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  1. Popper's Verisimilitude: The Scientific Journey From Ignorance to Truth.Nicholas Anakwue - 2017 - Philosophy Pathways 210:1-11.
    The question of truth is a broadly broached subject in Philosophy as it features along the entire historical and polemical growth of the discipline right from the time of the Ancients down to our Post-Modern era. Yet, the delimiting realization of being unable to register general success in our dogged attempts at truth and knowledge, mostly stares us blankly in the face, for matters on which philosophy endeavours to speculate on, are beyond the reach of definite knowledge.1 Our theories of (...)
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  2. Iterative Probability Kinematics.Horacio Arló-Costa & Richmond Thomason - 2001 - Journal of Philosophical Logic 30 (5):479-524.
    Following the pioneer work of Bruno De Finetti [12], conditional probability spaces (allowing for conditioning with events of measure zero) have been studied since (at least) the 1950's. Perhaps the most salient axiomatizations are Karl Popper's in [31], and Alfred Renyi's in [33]. Nonstandard probability spaces [34] are a well know alternative to this approach. Vann McGee proposed in [30] a result relating both approaches by showing that the standard values of infinitesimal probability functions are representable as Popper functions, and (...)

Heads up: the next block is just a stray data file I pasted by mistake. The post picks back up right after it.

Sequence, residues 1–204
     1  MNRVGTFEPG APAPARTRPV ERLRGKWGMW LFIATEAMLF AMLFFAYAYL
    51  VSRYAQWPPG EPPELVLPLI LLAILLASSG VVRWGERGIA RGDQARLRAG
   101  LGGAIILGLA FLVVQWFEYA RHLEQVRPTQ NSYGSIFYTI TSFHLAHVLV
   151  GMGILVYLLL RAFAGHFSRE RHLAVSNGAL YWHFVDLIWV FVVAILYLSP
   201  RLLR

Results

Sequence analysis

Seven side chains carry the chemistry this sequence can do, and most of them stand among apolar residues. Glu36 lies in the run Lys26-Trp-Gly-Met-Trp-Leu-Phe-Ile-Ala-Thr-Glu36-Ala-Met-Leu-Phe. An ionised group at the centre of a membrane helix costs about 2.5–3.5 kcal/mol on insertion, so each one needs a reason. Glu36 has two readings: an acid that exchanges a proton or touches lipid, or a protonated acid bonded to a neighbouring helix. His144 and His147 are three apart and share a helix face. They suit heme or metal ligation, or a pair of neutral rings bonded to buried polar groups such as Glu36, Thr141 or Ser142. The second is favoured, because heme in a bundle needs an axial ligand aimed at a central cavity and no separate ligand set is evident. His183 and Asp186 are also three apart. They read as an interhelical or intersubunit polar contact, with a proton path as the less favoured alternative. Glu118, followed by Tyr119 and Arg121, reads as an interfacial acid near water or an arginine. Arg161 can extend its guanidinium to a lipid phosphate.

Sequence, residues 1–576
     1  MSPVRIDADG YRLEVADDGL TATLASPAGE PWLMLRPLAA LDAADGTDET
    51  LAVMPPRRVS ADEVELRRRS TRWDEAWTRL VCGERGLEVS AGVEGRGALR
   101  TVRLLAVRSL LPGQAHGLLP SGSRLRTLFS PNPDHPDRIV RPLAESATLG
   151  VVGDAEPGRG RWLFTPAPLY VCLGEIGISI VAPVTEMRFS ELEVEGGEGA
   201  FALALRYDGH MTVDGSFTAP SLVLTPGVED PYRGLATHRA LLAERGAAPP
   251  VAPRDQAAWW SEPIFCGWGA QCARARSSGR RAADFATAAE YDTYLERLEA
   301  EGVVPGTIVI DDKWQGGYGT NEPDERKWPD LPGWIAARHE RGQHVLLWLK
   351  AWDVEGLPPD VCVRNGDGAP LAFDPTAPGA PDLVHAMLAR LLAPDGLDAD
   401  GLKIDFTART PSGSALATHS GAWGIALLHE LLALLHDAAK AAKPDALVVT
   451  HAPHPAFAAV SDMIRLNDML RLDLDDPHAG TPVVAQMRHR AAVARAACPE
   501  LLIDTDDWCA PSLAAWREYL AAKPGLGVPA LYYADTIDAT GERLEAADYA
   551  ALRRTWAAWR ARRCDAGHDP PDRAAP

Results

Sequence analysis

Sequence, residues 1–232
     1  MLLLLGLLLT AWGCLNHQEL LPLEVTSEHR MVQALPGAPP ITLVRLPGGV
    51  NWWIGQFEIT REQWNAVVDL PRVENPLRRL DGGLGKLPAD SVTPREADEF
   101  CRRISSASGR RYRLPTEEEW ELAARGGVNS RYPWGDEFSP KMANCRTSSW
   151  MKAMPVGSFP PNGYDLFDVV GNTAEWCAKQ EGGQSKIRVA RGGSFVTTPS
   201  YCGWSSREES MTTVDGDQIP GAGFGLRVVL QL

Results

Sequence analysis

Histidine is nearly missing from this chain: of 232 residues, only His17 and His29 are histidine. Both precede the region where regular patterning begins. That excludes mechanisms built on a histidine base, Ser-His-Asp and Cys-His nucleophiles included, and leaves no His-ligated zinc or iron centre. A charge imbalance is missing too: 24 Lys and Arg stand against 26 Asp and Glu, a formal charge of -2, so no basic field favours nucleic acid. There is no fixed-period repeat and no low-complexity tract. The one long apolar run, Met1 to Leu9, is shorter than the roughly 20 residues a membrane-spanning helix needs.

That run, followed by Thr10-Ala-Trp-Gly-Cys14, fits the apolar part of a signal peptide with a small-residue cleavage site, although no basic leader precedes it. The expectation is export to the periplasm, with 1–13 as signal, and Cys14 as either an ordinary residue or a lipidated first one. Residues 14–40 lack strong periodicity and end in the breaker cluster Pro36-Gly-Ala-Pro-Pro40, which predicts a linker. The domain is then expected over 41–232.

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  3. Information, Learning and Falsification.David Balduzzi - manuscript
    There are (at least) three approaches to quantifying information. The first, algorithmic information or Kolmogorov complexity, takes events as strings and, given a universal Turing machine, quantifies the information content of a string as the length of the shortest program producing it [1]. The second, Shannon information, takes events as belonging to ensembles and quantifies the information resulting from observing the given event in terms of the number of alternate events that have been ruled out [2]. The third, statistical learning (...)
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  4. Content and Degreb of Confirmation: Further Comments on Probability and Confirmation a Rejoinder to Professor Popper.Y. Bar-Hillel - 1956 - British Journal for the Philosophy of Science 7 (27):245-248.
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  5. Further Comments on Probability and Confirmation: A Rejoinder to Professor Popper.Yehoshua Bar-Hillel - 1956 - British Journal for the Philosophy of Science 7 (27):245-248.
  6. Comments on 'Degree of Confirmation' by Professor K. R. Popper.Yehoshua Bar-Hillel - 1955 - British Journal for the Philosophy of Science 6 (22):155-157.
  7. An Interchange on the Popper-Miller Argument.Charles S. Chihara & Donald A. Gillies - 1988 - Philosophical Studies 54 (1):1 - 8.
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  8. Deduction, Induction and Probabilistic Support.James Cussens - 1996 - Synthese 108 (1):1 - 10.
    Elementary results concerning the connections between deductive relations and probabilistic support are given. These are used to show that Popper-Miller's result is a special case of a more general result, and that their result is not very unexpected as claimed. According to Popper-Miller, a purely inductively supports b only if they are deductively independent — but this means that a b. Hence, it is argued that viewing induction as occurring only in the absence of deductive relations, as Popper-Miller sometimes do, (...)
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  9. Deductive, Probabilistic and Inductive Dependence. An Axiomatic Study in Probability Semantics.Georg J. W. Dorn - 1997 - Verlag Peter Lang.